A Game of Strategy: 3 Tips for Conquering Student Loan Debt

 Photo source:  Mail & Guardian

Photo source: Mail & Guardian

Bayo's fellowship work with Financial Beginnings Oregon is focused on financial literacy education for young people. The organization's programs that Bayo has been involved with introduce the world of finance and explore personal buying decisions and accumulating wealth with K-12 students. 


According to, businessman and financial broadcaster, Dave Ramsey, student loan debt will be the single biggest burden for people of the Millennial generation. This was that comment that has consistently rang in my ears during my financial literacy fellowship at Financial Beginnings. Our twenties are a time of exploration, understanding, failing, succeeding and laying our foundation for adulthood. Nevertheless, a great amount of us are tasked with the challenge of figuring out how to conquer our student loan debt with no prior financial education. Well, never fear! All is not lost and we still have the opportunity to live the rich and fulfilling lives that we desire. Below are 3 ways to move more effectively and bury your student loan debt.    

Organize yourself

Sit down with your student loan breakdown. Whomever your provider is - make sure to access your account on the website to get a clear look of your current standing. An excel spreadsheet can help you to organize some of your specifics. You will want to include total debt amount, interest rate type, interest rate amount, type student loan(s) and your due date. All of this can be accessed online or by a phone call to your loan service provider. Be sure to prioritize loans with higher interest payments since they will compound much more quickly.

Another simple fix is enrolling in autopay. Not only will you receive a 0.25 percent discount on your interest (which will add up), but you also eliminate the mistake of missing a payment and negatively affecting your credit or accruing penalties. Moreover, with your federal student loans examine your options with income driven repayment plans that provide an opportunity to pay 10 to 20 percent of your disposable income. Lastly, for those who it applies to, it may behoove you to look into the Public Service Loan Forgiveness Program (PSLF). This program forgives the remaining balance on your Direct Loans after you have made 120 qualifying monthly payments under a qualifying repayment plan while working full-time for a qualifying employer. If your industry is eligible, it can save you a lot of money in the long run.  

Pay more than the minimum

By paying a bit more than the minimum payment, you will save more on your interest over time, shortening the lifespan and total amount of your loan. The majority of student loans don’t have prepayment fees or penalties so paying them off quickly is better. Be diligent and make sure your extra payments are going toward your principal and not future payments. Here is a calculator that can help you calculate your prepayments.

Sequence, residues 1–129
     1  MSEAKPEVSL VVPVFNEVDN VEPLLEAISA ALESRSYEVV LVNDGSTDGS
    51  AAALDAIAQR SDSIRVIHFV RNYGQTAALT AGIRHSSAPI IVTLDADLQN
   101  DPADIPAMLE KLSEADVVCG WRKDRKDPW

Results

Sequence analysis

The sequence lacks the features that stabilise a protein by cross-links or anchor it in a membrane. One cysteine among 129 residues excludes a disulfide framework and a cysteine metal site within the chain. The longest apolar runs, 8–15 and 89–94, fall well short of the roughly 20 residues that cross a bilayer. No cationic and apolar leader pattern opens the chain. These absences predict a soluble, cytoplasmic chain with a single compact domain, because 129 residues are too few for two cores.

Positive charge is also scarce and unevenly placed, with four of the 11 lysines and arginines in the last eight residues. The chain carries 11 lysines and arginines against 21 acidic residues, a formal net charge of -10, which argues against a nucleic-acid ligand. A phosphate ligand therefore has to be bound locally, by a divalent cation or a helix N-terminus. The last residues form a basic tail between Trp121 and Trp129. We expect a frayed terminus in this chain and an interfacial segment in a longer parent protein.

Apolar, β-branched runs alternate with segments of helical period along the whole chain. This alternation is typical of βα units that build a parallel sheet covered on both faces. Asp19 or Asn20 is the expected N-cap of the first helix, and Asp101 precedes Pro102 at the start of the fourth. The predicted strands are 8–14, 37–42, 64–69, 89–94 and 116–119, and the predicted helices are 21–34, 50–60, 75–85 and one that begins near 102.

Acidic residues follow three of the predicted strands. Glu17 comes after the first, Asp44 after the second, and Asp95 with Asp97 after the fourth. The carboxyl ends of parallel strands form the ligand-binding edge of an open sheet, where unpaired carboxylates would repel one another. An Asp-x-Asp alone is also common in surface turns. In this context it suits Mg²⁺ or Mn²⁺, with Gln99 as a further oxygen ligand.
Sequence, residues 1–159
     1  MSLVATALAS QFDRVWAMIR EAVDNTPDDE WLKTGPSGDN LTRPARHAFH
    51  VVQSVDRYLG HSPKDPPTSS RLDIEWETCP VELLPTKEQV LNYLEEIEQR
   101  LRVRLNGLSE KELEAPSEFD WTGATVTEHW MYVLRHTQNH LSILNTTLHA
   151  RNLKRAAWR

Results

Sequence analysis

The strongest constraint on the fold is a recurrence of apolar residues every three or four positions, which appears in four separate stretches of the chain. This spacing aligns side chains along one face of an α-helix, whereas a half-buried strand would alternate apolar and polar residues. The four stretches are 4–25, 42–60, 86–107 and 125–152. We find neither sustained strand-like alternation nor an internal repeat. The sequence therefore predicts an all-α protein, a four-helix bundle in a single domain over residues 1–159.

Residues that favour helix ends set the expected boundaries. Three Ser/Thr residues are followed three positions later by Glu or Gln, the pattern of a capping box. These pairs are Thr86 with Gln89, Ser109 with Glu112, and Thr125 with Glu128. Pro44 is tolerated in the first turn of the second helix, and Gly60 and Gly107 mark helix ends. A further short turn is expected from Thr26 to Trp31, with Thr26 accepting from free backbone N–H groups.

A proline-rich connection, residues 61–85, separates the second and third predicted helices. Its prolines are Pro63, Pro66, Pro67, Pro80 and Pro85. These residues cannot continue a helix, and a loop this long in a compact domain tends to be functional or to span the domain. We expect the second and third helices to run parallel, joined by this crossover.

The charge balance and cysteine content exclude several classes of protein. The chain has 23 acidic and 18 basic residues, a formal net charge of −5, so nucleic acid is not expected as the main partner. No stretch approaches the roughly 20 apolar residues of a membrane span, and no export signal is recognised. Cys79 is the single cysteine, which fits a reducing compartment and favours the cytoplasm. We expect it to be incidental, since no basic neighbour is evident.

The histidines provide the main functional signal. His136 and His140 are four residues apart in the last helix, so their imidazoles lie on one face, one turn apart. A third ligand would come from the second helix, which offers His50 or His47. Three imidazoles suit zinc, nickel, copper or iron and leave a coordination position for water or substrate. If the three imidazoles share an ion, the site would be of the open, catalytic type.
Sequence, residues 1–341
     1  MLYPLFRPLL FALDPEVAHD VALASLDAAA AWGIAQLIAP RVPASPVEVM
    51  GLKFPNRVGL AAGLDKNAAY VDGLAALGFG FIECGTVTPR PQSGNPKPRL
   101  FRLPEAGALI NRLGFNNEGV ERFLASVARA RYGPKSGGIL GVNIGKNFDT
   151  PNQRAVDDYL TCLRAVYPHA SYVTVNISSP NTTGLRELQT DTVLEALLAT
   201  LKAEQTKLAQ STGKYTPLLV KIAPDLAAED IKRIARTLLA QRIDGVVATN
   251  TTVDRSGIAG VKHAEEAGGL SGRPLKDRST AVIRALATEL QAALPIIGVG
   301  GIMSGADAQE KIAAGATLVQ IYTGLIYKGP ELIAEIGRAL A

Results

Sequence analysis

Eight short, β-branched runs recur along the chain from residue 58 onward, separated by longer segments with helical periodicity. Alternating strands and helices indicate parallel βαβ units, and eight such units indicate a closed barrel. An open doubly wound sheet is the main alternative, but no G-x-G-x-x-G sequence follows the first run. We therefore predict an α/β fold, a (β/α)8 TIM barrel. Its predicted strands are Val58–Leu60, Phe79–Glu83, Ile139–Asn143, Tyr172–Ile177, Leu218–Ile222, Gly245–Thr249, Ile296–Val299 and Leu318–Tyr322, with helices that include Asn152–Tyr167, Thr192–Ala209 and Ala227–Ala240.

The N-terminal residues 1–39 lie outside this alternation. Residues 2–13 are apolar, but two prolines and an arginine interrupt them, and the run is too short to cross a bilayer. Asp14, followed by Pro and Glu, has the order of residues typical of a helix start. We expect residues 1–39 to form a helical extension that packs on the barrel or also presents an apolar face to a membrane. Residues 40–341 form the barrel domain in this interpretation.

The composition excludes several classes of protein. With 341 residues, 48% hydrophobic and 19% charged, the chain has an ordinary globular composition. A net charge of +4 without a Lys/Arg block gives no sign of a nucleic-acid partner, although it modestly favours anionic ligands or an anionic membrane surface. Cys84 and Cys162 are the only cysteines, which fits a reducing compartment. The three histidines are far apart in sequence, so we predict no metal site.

Grow your financial education knowledge

Many of us know the importance of securing the bag but don't know how to manage its contents. Much of our financial progress is contingent on the information learned and practiced, however what does one do when they don't have the foundational knowledge? You can educate yourself, take personal finances classes at the local community college, seek out a money mentor, etc. A good income isn't the only component of financial wellness - how you spend your money is also a pivotal factor in your financial standing. As famous music producer Dr. Dre once said, “Anyone can be a millionaire, not everyone can stay one.” There were a few curse words mixed in there, but you get the point. Here are some resources that can help you start educating yourself towards financial freedom:

Listen to podcasts

Listening to personal finance podcasts are a great way to active your mind while preparing for your day in the morning. This also can assist you in being more strategic in paying your loans by learning different tips, tricks and resources. Some of my favorites right now are:

Read books

Reading books are making a come back and it’s not just a fashion statement. Below are some good reads that you can dive in and gain a wealth of information:

Young Money by Dasarte Yarnway

History of the Black Dollar by Angel Rich

The Automatic Millionaire by David Bach

Total Money Makeover by Dave Ramsey

The Millionaire Next Door by Thomas Stanley (RIP)

 

Surf the Financial Web

When Netflix sends you a “wyd” text, stay focused. Carve out a piece of your time to read over some finance blogs and websites. Many of them share different side hustles, insights and financial trends that can help you reach your goals much sooner. Here are a few to get you started:

Financial Panther

Nerd Wallet

The Dumpsterdog blog

Money under 30

The Frugalwoods  

 

The journey to financial freedom is all but easy. However, organizing yourself, paying more than the minimum, and growing your financial knowledge base will greatly improve the likelihood of you reaching your goals much faster. Journey well, and keep it focused.